In the Erasmus+ programme there is a database, known as Erasmus+ Project Results Platform (E+PRP) (UE, 2021c), in which a compilation of all the funded projects is available, identifying those that have been classified as good practice or success story. Therefore, reviewing successful projects in any field, and specifically in STEM and gender, can be of great help to see what practices are helping to reduce the gap in this educational and professional field.
Knowledge of successful projects can serve as a beacon to achieve, on the one hand, what is working well in other institutions and, on the other, detect possible needs to expand the scope of research.
For the revision of the projects in E+PRP, the methodology of systematic reviews of research projects (García Holgado et al., 2019b, 2020c) is really useful because it provides a perfect approach to analyze projects because it gives an overview of current trends, allowing the identification of gaps and opportunities. This methodology is the one that is being used in the research on “Methodological guide for the successful use of digital technologies in education: Improving learning through European educational projects” (Alonso de Castro & García-Peñalvo, 2020a, 2020b, 2021) in order to collect information on successful projects within the framework of Erasmus+ related to eLearning and the same technique is applied for the sample of projects that are presented in this chapter.
Within the framework of the GRIAL research group, in which the development of this chapter is carried out, some contributions that seek to understand the gender gap in higher STEM studies both in Spain and in Europe stand out (García-Holgado et al., 2019a, 2020a, 2020b; Verdugo-Castro et al., 2019, 2020a, 2020b, 2020c). There are several analyses that include intervention proposals, interviews, and case studies that give an idea of the importance of this topic for the group. Therefore, it is considered a topic of great relevance in the group, and this justifies analyzing practical examples of projects that have been considered good practice. For this reason, this chapter provides specific cases of projects classified as good practice in Erasmus+ Projects Platform and that have worked on STEM and gender in higher education so that we can take note of the factors that have been useful in the institutions involved. At the same time, the situation of projects of this type within the framework of Erasmus+ and the possibilities of future work will be analyzed.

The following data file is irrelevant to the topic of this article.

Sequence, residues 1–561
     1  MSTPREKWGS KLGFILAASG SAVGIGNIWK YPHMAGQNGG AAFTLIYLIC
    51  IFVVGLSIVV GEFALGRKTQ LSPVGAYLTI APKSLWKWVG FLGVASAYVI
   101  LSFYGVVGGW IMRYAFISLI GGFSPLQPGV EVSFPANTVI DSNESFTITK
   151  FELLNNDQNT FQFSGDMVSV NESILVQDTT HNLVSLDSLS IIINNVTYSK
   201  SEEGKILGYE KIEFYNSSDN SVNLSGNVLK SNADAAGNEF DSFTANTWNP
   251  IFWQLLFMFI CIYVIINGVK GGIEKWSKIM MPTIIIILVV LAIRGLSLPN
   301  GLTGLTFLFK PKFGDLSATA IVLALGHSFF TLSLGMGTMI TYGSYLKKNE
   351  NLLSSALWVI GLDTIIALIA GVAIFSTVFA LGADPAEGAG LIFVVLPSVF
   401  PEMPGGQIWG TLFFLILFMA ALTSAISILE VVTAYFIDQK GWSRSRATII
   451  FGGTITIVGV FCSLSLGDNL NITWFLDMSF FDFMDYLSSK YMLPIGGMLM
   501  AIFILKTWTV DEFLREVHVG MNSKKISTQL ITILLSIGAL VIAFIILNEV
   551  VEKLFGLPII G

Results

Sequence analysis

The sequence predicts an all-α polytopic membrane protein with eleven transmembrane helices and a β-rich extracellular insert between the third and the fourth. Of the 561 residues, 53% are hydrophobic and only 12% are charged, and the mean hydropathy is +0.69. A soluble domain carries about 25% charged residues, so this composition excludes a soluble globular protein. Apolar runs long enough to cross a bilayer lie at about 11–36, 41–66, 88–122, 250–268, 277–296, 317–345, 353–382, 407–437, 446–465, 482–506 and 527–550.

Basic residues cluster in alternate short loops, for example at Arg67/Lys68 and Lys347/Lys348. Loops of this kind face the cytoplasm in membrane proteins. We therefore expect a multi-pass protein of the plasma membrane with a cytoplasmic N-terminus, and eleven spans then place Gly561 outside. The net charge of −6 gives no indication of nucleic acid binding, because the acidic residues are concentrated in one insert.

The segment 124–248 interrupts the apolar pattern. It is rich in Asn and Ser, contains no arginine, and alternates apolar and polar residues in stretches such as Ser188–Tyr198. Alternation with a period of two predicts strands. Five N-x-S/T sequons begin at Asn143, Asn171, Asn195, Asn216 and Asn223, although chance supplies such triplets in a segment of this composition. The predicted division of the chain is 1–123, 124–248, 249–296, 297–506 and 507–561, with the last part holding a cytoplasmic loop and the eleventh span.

In the analysis of projects that meet the established criteria (Erasmus+ , Good Practice, higher education, STEM, and gender), at this moment, a total of 5 projects have been found out of the total of 19 existing linked to STEM and gender and the more than 35.500 of higher education projects in Erasmus+ . In addition, there is another project labeled as good practice in higher education, which also works to improve the attraction to STEM careers, which although it is not focused on women, can be considered useful for them as well. Therefore, below we are going to see these six projects with the information gathered from E+PRP and the projects websites, followed with the main conclusions.